Tony Corrente, a veteran referee for the National Football League, started a second round of chemotherapy for throat and tongue cancer Monday, two days after officiating Saturday's playoff game between the New Orleans Saints and the Detroit Lions.
Corrente recalled his fluke cancer diagnosis and his drive to keep working during treatment in an interview Monday with Sports Illustrated's Peter King.
It started with a brawl between the Baltimore Ravens and the Pittsburgh Steelers in the Sept. 11 season opener. Corrente, a high school social sciences teacher in La Mirada, Calif., stepped in to split up the scrum. Instead, the ref was pushed over, landing hard on his head and back. Feeling the pain after the game, Corrente, 60, was given the option of Tylenol or Motrin. He picked Motrin, a non-steroidal anti-inflammatory that also acts as a blood thinner.
In the days that followed, he began to cough up blood and was referred to a throat specialist who spotted the thumb-sized tumor.
"Getting knocked down and hurt in that Baltimore game might have saved my life," Corrente told King. "Had I not done anything, or had I taken Tylenol, which doesn't cause your blood to thin, I probably wouldn't have discovered this for a while. And by then, I'd have needed massive surgery, and who knows what chances I would have had."
Corrente started a seven-week stint of chemo and radiation therapy in October at MD Anderson Cancer Center in Houston that caused him to lose his hair and three weeks of work. But he was back in time for the Nov. 20 Baltimore-Cincinnati game, where he asked to speak to Michael Oher and Matt Birk, the Ravens from the fateful scrum.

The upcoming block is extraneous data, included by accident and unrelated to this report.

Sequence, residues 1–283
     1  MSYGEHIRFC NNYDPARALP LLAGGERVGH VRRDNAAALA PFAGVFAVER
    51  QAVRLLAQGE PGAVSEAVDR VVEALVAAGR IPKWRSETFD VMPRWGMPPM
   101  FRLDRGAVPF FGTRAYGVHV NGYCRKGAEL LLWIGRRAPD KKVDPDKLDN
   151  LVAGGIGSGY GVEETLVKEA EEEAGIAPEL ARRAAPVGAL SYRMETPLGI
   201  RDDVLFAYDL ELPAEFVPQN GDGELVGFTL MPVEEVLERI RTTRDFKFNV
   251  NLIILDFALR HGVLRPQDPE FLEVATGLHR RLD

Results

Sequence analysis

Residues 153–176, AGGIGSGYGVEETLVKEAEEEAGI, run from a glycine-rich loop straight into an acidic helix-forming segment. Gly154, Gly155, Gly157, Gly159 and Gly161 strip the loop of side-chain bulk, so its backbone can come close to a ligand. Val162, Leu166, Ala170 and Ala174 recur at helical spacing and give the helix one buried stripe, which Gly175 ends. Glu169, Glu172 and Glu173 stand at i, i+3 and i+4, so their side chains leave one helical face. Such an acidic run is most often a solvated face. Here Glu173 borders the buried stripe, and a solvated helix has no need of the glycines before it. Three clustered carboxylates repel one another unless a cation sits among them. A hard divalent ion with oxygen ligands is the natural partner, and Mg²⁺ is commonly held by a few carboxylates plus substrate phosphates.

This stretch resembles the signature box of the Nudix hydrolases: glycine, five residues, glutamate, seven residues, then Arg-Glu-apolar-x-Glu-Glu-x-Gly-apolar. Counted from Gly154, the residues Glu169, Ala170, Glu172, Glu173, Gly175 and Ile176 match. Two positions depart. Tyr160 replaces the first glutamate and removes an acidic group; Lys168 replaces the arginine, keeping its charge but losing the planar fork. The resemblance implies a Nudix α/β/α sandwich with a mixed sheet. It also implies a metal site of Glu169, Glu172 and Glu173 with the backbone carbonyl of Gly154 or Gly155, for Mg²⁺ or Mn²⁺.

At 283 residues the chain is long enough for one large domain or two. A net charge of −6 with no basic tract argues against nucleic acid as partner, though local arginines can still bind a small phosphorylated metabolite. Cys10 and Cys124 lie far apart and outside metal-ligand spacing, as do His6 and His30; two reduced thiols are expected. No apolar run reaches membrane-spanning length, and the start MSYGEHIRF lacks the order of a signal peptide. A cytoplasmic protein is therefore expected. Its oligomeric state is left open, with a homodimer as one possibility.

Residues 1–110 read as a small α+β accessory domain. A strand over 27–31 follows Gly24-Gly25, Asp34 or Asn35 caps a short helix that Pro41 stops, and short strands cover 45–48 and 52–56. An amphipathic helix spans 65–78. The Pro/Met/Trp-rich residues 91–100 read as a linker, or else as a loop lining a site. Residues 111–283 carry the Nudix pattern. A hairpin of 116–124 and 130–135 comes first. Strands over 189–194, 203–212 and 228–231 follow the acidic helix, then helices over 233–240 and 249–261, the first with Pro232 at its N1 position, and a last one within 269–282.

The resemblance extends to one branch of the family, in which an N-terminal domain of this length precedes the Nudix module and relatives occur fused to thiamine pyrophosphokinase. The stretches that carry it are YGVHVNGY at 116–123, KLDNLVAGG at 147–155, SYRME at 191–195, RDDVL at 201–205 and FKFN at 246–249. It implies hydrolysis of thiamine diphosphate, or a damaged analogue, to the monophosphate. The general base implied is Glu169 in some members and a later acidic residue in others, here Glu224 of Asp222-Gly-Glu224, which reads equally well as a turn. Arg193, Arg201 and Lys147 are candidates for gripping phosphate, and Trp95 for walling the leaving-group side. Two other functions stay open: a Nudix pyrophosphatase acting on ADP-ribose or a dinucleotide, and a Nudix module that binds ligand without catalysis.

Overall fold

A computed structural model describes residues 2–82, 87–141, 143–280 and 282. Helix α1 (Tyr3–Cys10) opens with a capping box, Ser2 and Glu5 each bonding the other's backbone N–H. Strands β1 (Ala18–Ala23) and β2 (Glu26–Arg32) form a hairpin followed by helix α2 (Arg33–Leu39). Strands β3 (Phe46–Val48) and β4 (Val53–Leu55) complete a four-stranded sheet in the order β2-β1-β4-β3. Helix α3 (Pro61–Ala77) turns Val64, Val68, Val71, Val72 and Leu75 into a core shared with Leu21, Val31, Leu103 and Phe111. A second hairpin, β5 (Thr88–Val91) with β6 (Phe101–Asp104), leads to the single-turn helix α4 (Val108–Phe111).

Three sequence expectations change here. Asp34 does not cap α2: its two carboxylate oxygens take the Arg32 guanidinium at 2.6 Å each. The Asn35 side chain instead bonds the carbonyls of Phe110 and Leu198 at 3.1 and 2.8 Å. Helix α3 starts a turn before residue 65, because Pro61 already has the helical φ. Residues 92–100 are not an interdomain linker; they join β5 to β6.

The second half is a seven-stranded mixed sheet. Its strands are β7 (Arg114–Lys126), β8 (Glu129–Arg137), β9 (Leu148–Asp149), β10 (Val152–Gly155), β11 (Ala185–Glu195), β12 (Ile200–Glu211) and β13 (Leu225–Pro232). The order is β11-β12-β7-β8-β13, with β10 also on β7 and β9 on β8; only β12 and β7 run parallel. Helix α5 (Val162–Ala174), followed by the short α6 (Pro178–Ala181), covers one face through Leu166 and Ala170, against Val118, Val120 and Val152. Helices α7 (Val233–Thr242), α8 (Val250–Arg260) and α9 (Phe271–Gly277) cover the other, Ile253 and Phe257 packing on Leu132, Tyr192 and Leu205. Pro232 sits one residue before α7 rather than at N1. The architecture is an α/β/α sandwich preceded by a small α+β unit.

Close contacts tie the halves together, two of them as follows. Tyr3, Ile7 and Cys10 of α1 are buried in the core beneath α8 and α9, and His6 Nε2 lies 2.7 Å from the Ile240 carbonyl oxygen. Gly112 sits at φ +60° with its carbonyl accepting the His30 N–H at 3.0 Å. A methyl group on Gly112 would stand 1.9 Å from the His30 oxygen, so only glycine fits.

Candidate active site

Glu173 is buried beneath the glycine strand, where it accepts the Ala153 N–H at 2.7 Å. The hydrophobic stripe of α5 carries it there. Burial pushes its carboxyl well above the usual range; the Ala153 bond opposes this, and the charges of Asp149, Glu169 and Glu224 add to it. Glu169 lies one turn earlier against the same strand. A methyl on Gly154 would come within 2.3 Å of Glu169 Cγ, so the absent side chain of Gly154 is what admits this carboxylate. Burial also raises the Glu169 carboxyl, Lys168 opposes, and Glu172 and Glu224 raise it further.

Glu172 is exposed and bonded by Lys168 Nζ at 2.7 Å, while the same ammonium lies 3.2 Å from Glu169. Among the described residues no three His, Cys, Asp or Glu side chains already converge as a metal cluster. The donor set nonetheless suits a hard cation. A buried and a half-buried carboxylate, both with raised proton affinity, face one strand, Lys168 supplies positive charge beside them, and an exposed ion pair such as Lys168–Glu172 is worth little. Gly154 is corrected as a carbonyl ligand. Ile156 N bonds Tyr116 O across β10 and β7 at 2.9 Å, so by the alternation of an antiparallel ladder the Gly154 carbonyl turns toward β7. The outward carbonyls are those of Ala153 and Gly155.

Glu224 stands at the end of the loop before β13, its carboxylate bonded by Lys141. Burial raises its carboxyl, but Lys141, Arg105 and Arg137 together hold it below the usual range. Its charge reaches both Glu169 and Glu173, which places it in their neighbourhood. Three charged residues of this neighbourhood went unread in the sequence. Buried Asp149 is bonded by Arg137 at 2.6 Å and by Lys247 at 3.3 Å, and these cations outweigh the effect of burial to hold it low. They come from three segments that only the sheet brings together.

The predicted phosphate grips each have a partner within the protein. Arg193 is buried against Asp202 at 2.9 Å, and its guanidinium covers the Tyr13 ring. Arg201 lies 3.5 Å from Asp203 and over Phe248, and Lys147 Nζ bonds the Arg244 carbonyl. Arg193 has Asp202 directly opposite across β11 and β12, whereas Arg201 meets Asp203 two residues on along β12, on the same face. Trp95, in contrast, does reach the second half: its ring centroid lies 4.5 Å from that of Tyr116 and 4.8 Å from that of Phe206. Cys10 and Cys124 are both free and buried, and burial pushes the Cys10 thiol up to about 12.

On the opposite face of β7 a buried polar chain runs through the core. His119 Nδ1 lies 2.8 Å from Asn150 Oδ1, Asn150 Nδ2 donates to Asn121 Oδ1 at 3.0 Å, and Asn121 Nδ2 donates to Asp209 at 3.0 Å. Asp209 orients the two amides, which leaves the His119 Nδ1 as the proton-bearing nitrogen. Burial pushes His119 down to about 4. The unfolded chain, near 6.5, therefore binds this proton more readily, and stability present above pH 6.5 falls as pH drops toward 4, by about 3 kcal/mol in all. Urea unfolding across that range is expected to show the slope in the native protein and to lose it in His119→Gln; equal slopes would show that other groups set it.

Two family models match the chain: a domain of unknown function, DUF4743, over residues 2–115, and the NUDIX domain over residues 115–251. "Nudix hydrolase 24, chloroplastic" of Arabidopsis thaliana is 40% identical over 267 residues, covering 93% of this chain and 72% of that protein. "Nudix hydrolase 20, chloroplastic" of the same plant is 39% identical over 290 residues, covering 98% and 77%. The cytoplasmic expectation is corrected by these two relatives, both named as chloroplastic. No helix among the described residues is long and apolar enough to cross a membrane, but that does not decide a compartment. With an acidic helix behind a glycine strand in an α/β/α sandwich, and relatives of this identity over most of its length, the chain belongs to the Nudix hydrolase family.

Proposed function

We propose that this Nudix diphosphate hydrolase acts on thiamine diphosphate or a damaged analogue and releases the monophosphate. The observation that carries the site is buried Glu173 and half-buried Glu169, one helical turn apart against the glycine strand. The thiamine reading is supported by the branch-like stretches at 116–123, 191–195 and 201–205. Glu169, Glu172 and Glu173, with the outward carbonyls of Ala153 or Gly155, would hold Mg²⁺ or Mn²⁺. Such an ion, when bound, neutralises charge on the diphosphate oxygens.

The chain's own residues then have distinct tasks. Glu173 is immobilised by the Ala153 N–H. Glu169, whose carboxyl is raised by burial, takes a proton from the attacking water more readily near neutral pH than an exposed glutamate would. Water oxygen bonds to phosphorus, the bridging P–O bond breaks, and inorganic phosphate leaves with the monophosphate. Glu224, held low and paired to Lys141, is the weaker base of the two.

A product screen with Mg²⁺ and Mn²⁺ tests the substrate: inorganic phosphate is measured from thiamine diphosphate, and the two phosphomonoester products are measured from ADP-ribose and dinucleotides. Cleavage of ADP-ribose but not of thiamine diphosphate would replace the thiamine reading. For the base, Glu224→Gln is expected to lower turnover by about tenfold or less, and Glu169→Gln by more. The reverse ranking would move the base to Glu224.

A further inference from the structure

"I told them, 'I just wanted to tell you that you actually may have saved my life,'" Corrente told King. "I could see they were shocked as I explained it. This crazy ref was thanking them because they knocked him on his butt."
Most throat cancers are detected when patients complain of voice changes, difficulty swallowing or palpable lumps on the neck. But coughing up blood can also be a symptom.
"This is an unusual way of being alerted to a diagnosis," said Dr. Edward Kim, chief of head and neck medical oncology at the MD Anderson Cancer Center. Kim was not involved in Corrente's care. "But there are all kinds of anecdotes like this in sports - fluky plays that lead to a diagnosis."
Because throat tumors tend to be spotted early (according to Kim, "there isn't enough real estate for the tumors to grow without causing symptoms"), the prognosis is usually good. But the aggressive treatments can take a toll. On top of chemo, Corrente is also undergoing radiation therapy, which will blister his throat, fade his voice and make it painfully difficult to swallow.
One of his doctors said, "We just scored a couple of runs, but we're only in the sixth inning , and the other guys have some good hitters coming up," Corrente told King.
Although he made it through Saturday's Saints-Lions game, Corrente said he felt weak and sore Sunday. He told King he's disappointed to be out for the rest of the playoffs, but added he's looking forward to next season and the chance to thank Ryan Mundy and LaMarr Woodley, the Steelers who accidently pushed him into treatment.
Kim said hunkering down at work can provide a much-needed distraction for people going through cancer treatment. "Whether you're a lawyer, an executive, an NFL ref or a secretary, one can only imagine how hard it is not to think about the diagnosis and the future," Kim said. "I do believe the more people can stay occupied and do things to keep busy and keep a positive attitude, it really goes a long way in helping them through the battle."
Corrente might have a tough road ahead. But based on his performance Saturday, Kim said the prognosis looks good. "I would expect him to be calling games next season," he said.